by Zoe Theodore
In 1940, a boat carrying collaborators and confidants, novelist John Steinbeck and marine biologist Ed Ricketts, travelled down the coast of California in trail of the Gulf of California, also known as the Sea of Cortez. Part scientific expedition, part leisurely adventure, the voyage soulfully searched for the reason behind why one man will compulsively write poetry, whilst the other will tiresomely examine organisms through a microscope. The pair justified their questionably gratuitous journey with the title “expedition” and “let it form itself” free from boundaries, limits and reservations. The result was a Sea of Cortez: A Leisurely Journal of Travel and Research, a work that combined the companions’ respected intellectual products as one.
More Politely than Shaking Hands, an installation by Jacqui Shelton, as part of the ACCA’s 2015 Startups Program, adopts the same sentiment as Steinbeck and Ricketts’ voyage – the unapologetic acceptance of a futile floating between reading, mind mapping and conversations as a form of professional practice. The installation questions the preconceived binary of work and laziness by interrogating the capitalist notion of work. Shelton reformulates laziness as, not the antithesis of work, but instead a fertile space necessary for work. She explores the possibility of movement without direction, similarly to Ricketts and Steinbeck’s journey, meandering from place to place, conversation to conversation and thought to thought.
Interested in the “meandering unfixed position of art in our thoughts and conversations”[i] Shelton presents multiple narratives that contribute to a larger conversation about alternative realities – the land and the sea, the known and the unknown, the Sea of Cortez and the Maribyrnong, and work as opposed to laziness.More Politely than Shaking Hands presents us with two converging narratives both with multiple narrators. One narrative follows Shelton through her investigation into lazy gestures on the banks on the Maribyrnong accompanied by her confidant, Therese Keogh. Whilst also alluding to a paralleled journey down the coast of America with Ricketts and Steinbeck.
The installation includes an eight-minute long video that presents the text of the introduction of the Sea of Cortez over a continuous shot of a body of water’s shoreline. Influenced by the potential for ideas to shift from one person to another through conversations, Shelton explores the possibility of thoughts passing from one temporality to another as she presents Steinbeck and Ricketts narrative superimposed with the details of her own meandering journey – a MFA research candidature at Monash University. The narrative is also read aloud by a teleprompter, which enables the narrative to remain in virtual space and questions whether a physical journey has actually taken place. Shelton frames her journey as a process of meandering aimlessly through research as a resistance to both productivity and laziness but arguably still research. Included in the installation is also a text by Keogh, which declares the Sea of Cortez and the Maribyrnong are joined by “a chain of water bodies that stretch across the globe.”[ii]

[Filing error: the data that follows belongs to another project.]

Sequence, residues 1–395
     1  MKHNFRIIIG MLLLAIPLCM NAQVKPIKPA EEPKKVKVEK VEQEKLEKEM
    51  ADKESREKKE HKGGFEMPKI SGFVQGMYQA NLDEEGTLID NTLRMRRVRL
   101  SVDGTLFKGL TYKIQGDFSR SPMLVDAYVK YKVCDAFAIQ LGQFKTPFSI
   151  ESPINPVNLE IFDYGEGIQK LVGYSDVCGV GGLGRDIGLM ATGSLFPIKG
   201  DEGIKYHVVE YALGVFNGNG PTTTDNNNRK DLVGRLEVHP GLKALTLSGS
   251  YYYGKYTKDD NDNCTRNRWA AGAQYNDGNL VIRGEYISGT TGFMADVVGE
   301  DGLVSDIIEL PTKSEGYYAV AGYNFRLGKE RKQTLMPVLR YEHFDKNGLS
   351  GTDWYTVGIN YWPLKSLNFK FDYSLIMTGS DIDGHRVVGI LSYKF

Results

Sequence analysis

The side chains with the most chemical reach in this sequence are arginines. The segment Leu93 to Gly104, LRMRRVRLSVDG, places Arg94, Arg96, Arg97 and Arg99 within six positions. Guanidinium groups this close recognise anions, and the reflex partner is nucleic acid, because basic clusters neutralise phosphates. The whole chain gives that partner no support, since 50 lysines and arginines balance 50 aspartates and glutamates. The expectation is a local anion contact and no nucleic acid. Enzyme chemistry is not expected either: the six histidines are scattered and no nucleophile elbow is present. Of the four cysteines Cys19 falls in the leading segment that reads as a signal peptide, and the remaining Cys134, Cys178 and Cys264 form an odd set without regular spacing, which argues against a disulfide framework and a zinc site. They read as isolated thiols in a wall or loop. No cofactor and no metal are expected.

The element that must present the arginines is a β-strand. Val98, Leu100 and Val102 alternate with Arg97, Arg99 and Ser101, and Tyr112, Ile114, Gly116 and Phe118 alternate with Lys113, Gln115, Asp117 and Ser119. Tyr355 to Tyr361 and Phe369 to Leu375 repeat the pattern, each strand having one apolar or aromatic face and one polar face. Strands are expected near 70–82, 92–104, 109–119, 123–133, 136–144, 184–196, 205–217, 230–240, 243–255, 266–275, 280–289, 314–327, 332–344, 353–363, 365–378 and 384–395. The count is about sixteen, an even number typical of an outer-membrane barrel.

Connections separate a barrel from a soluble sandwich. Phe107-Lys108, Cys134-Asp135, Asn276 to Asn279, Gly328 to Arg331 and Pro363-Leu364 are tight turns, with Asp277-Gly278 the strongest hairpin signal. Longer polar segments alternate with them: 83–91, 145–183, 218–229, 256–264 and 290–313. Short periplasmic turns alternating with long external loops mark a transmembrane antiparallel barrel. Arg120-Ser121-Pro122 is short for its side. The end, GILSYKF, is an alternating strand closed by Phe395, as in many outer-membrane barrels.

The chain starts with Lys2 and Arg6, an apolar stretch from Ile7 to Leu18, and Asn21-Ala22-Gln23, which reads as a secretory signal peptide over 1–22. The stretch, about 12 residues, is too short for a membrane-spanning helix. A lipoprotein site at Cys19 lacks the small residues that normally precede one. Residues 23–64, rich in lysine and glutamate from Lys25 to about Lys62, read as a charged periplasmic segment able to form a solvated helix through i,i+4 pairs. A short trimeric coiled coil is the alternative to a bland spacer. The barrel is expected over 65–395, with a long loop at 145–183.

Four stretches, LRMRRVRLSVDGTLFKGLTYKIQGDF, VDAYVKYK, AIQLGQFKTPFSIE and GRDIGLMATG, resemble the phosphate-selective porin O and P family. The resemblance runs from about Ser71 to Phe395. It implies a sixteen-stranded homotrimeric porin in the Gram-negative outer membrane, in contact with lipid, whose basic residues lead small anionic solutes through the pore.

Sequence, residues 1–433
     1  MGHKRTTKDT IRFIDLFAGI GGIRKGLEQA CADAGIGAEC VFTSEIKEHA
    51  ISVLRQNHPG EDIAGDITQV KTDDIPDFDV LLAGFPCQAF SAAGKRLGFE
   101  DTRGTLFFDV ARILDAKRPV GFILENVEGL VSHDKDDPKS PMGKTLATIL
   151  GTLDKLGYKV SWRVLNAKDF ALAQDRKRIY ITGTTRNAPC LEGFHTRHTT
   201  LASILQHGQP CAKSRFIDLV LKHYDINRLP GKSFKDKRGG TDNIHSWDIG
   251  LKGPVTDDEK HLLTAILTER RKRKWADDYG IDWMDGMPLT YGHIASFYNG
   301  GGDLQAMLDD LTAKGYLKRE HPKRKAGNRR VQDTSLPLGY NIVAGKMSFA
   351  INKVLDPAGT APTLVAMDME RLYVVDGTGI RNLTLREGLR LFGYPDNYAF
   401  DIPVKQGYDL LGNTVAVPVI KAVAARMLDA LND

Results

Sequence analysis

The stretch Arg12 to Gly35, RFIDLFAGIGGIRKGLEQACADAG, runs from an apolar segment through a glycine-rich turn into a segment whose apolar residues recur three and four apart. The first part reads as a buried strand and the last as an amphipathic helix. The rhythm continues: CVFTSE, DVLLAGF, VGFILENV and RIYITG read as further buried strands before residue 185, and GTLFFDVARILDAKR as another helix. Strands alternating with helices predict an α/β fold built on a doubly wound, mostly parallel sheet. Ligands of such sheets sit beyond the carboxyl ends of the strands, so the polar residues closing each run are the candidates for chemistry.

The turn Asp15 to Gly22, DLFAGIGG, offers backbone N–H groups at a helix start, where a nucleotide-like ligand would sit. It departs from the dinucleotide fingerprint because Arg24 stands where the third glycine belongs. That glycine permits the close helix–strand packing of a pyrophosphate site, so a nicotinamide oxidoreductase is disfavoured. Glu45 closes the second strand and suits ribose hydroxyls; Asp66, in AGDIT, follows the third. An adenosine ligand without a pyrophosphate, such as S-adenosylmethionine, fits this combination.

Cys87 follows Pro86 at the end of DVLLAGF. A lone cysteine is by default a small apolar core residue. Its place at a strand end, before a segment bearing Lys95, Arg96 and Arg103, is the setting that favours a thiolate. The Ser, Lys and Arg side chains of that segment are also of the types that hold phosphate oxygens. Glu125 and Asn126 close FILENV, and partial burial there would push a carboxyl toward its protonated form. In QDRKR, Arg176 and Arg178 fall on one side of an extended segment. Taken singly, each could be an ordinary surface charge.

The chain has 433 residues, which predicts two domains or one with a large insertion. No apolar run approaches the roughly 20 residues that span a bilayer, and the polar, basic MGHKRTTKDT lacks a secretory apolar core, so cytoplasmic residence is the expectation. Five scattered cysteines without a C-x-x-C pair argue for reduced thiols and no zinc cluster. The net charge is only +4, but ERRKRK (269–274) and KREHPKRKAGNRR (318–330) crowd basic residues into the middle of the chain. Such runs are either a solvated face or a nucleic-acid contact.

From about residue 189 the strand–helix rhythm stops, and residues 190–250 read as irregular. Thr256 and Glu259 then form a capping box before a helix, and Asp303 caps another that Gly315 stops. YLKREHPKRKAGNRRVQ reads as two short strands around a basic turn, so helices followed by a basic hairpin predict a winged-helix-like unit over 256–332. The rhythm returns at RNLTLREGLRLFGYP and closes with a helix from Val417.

An expedition or journey is predicated on a beginning, a general direction, stops along the way and an end. By framing her research project as a journey, Shelton remodels the project into something more solid – something with a beginning, middle and end. Through this reframing, Shelton fundamentally questions the structure of a postgraduate research degree and the potential benefits of an artistic practice framed a research project. The installation questions what can be taken from the journey and what is left behind, whilst continuously critiquing the underlying point of the journey.
Zoe Theodore is an emerging writer, producer and curator.
[i] Jacqui Shelton, What works best (each thing I do I rush through so I can do something else part two), 2014.
[ii] Therese Keogh, While Wading, 2015.